A lender recently shared with me the true story of a struggling producer. Unfortunately, this producer made matters worse by passionately saying something of the like to his lender, “I do not want to hear about cutting family living expenses! This is my family and my business.” In reply, all I could say was, “Wow!” This producer needs to get serious and truly appreciate how much family living expenses can impact the profitability of a farm business.
Recently, I had the privilege of sharing two programs with the good folks of the Nebraska Farm Business, Inc. I enjoy a long-time relationship with this group and continue to utilize their valuable data in many of my schools and seminars. In light of this producer’s comment, I believe the Nebraska data on family living can be extremely helpful.
This Nebraska group presented some compelling numbers at recent educational conferences around the state. According to their data, the average family living cost for Nebraska farmers in their program was $96,000. An additional $48,000 was attributed to taxes, income and Social Security. Let’s take a closer look at these numbers. The average family living cost per bushel of corn was approximately 76¢. For those producers who grew soybeans, family living expense per bushel was $2.28. When the price of a bushel of corn was in the $6-8 range, these living expenses could be absorbed. However, with today’s commodity prices, living cost and taxes must be acknowledged as significant players in successfully reducing costs.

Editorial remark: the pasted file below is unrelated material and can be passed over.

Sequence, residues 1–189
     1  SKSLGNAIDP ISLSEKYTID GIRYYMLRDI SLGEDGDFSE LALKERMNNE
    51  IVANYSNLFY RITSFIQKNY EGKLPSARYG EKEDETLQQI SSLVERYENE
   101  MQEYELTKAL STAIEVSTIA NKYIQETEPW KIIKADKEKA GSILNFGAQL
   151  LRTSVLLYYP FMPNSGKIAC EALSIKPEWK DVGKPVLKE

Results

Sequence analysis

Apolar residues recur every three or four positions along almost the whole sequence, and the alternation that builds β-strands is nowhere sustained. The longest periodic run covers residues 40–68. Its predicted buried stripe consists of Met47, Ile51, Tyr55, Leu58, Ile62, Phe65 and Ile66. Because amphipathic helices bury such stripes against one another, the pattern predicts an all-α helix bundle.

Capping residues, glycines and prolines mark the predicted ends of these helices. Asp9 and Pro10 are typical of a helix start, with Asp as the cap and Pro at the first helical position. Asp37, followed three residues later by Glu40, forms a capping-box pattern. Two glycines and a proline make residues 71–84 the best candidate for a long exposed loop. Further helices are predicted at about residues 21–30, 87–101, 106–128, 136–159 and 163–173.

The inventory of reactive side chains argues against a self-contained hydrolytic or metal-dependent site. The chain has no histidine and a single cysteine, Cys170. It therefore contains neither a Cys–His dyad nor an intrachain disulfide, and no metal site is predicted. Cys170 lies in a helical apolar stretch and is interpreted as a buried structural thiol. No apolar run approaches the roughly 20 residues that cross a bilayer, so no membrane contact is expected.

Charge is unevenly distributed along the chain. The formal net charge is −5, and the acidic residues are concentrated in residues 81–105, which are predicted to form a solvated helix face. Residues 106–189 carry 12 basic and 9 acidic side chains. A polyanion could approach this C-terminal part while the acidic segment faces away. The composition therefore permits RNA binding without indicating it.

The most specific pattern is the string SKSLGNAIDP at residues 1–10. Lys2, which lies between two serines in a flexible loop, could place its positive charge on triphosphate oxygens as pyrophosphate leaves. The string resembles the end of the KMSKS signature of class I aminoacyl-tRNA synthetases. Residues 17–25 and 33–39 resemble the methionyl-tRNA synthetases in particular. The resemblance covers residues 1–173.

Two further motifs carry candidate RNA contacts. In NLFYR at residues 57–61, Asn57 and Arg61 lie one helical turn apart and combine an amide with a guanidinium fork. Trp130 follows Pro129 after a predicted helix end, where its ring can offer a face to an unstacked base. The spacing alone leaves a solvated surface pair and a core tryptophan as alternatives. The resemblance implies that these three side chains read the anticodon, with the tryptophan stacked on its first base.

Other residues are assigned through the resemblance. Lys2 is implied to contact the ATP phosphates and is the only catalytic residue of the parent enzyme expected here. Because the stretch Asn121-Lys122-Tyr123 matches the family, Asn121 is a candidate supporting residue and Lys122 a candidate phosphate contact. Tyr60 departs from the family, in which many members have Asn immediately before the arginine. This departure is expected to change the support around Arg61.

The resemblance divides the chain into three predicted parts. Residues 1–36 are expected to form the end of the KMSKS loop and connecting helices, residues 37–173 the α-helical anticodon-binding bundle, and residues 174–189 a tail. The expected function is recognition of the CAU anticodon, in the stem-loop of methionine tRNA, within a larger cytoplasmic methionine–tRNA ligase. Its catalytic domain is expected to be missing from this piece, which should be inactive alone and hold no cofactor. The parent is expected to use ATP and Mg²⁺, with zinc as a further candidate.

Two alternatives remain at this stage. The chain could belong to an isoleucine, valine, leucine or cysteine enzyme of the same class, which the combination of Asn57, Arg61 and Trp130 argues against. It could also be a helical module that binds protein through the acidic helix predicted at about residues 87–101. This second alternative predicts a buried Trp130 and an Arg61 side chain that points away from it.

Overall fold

Granted, income taxes may be less today than in the past, but maybe not. Some producers utilized deferred tax strategies such as, prepaying expenses, as a way to minimize taxes. In years where cash flow and liquidity may be tight, strategies such a prepaying expenses are really not an option. Unfortunately, this type of approach may leave the business exposed and vulnerable to a higher tax bill at the worst possible time. Especially if this sounds familiar, prioritizing and pruning living cost is a good option.
In summary, this economic reset will dictate at least some amount of reduction in costs in order to remain sustainable. The numbers tell us that family living cost and taxes are two areas in which to capture significant savings. Stay open to change and be proactive!
P.S. From town hall meetings with farmers and small business owners, it seems increased health care costs are significant expense items in family living budgets. We will examine this and other impacting issues soon!
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